AVCLASS++ is a labeling tool for creating a malware dataset. Addressing malware threats requires constant efforts to create and maintain a dataset.

Especially, labeling malware samples is a vital part of shepherding a dataset. AVCLASS, a tool developed for this purpose, takes as input VirusTotal reports and returns labels that aggregates scan results of multiple anti-viruses. And now, AVCLASS++ is shipped with the brand-new capacities!

In a nutshell, AVCLASS++ enables the following operation:

• Input:
• VirusTotal report(s)
• Malware binar(y|ies) (optional)
• Output:
• Malware label(s) (family name)

Features

AVCLASS++ is developed for freeing you from the task of worrying about what families malware samples are. The salient features of AVCLASS++ are as follows:

• Automatic. AVCLASS++ removes manual analysis limitations on the size of the input dataset.
• Vendor-agnostic. AVCLASS++ operates on the labels of any available set of AV engines, which can vary from sample to sample.
• Cross-platform. AVCLASS++ can be used for any platforms supported by AV engines, e.g., Windows or Android malware.
• Does not require executables. AV labels can be obtained from online services like VirusTotal using a sample’s hash, even when the executable is not available. Yet, AVCLASS++ has also a potential that can improve label accuracy if there is an executable.
• Quantified accuracy. The original AVCLASS had evaluated [1] on five publicly available malware datasets with ground truth. AVCLASS++ is further tuned to perform under adverse conditions.
• Open source. We are happy to release AVCLASS++ to the community. Prithee, use it for the further development of prompt security operation and reproducible security research!

Also Read – Pylane : An Python VM Injector With Debug Tools, Based On GDB

Step Forward

The following limitation was pointed out in the original AVCLASS paper:

The main limitation of AVClass is that its output depends on the input AV labels. It tries to compensate for the noise on those labels, but cannot identify the family of a sample if AV engines do not provide non-generic family names to that sample. In particular, it cannot label samples if at least 2 AV engines do not agree on a non-generic family name. Results on 8 million samples showed that AVClass could label 81% of the samples. In other words, it could not label 19% of the samples because their labels contained only generic tokens.

We have organized such pitfalls into two factors.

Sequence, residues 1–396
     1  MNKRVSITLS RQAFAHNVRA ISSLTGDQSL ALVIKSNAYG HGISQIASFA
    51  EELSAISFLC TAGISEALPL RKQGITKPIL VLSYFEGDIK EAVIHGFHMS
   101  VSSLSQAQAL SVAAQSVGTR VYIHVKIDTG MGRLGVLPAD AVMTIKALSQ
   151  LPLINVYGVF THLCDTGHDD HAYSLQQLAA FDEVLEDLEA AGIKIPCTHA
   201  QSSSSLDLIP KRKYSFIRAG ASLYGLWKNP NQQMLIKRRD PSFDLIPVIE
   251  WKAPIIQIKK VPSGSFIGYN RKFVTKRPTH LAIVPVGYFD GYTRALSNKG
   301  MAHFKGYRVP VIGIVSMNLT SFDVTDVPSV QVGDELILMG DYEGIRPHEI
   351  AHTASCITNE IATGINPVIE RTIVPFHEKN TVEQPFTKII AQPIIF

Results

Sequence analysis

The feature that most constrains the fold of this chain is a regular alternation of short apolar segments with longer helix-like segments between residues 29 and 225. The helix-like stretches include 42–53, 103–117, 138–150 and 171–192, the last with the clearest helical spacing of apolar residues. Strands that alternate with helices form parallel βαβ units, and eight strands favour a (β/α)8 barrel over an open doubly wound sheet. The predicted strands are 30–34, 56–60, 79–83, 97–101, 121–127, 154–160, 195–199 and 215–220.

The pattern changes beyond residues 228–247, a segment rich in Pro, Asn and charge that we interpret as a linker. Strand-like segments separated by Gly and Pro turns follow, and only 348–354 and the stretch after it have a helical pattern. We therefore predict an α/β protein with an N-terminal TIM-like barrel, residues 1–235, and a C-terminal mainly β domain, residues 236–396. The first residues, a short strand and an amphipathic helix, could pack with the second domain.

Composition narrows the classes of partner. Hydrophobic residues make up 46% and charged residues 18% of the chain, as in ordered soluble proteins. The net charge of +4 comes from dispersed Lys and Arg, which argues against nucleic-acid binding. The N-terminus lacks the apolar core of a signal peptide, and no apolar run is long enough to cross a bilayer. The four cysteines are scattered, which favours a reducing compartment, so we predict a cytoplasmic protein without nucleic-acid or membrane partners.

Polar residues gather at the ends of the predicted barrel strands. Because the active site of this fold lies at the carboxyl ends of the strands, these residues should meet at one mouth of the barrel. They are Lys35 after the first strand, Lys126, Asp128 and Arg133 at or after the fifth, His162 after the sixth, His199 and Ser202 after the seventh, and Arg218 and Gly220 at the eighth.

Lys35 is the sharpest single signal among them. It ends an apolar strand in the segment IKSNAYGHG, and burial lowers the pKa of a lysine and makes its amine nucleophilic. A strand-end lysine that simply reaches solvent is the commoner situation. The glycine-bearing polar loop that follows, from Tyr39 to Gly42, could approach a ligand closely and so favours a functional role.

• First, AVCLASS is prone to fail labeling samples that have just been posted to VirusTotal because only a few anti-viruses give labels to such samples. Such a sample will be labeled SINGLETON. An inconvenient truth: when we provided AVCLASS with 20,000 VirusTotal reports, half of them were labeled SINGLETON.
• Second, AVCLASS cannot determine if the label is randomly generated (as with domain generation algorithms of malware) or not. Some anti-viruses that VirusTotal has worked with after AVCLASS released were labeled with the DGA, resulting in a biased label.

Because of them, we are forced to make a lot of manual, tedious intervention in malware labeling; otherwise, we need to drop samples with inconsistent labels from the dataset; since there was no alternative.

For the reason, AVCLASS++ is designed to address these drawbacks by arming with the following:

• Label propagation. AVCLASS++ accepts not only VirusTotal reports but also binary executable files of samples as input, and measures the similarity between them, thereby propagating [3] a malware label to the one labeled SINGLETON. Here, AVCLASS++ exploits hashed features based on various perspective [4] e.g, byte histogram, printable strings, file size, PE headers, sections, imports, exports, and more! Then it calculates the similarity of the samples through deriving an affinity matrix and re-labels SINGLETONs as a result of the propagation from a similar sample. This enables us to reduce SINGLETONs.
• DGA detection. AVCLASS++ determines if labels were generated by DGA and removes such ones from the candidates. This technique is based on the meaningful characters ratio and $N$-gram normality score [5]. In other words, AVCLASS + + verifies that the label presented by AV is meaningful and easy to pronounce, and then determines if the label is generated by DGA. This enables us to unbiased labeling.

Besides, unlike AVCLASS, AVCLASS++ is Python 3 compatible!

How To Use?

Installation

git clone git@github.com:malrev/avclassplusplus.git
./setup.sh


Labeling

The labeler takes as input a JSON file with the AV labels of malware samples (-vt or -lb switches), a file with generic tokens (-gen switch), and a file with aliases (-alias switch). It outputs the most likely family name for each sample. If you do not provide alias or generic tokens files, the default ones in the data folder are used.

python avclass_labeler.py -lb data/malheurReference_lb.json -v >malheurReference.labels

The above command labels the samples whose AV labels are in the data/malheurReference_lb.json file. It prints the results to stdout, which we redirect to the malheurReference.labels file. The output looks like this:

which means sample aca2d12934935b070df8f50e06a20539 is most likely from the adrotator family and 67d15459e1f85898851148511c86d88d from the adultbrowser family.

The verbose (-v) switch makes it output an extra malheurReference_lb.verbose file with all families extracted for each sample ranked by the number of AV engines that use that family. The file looks like this: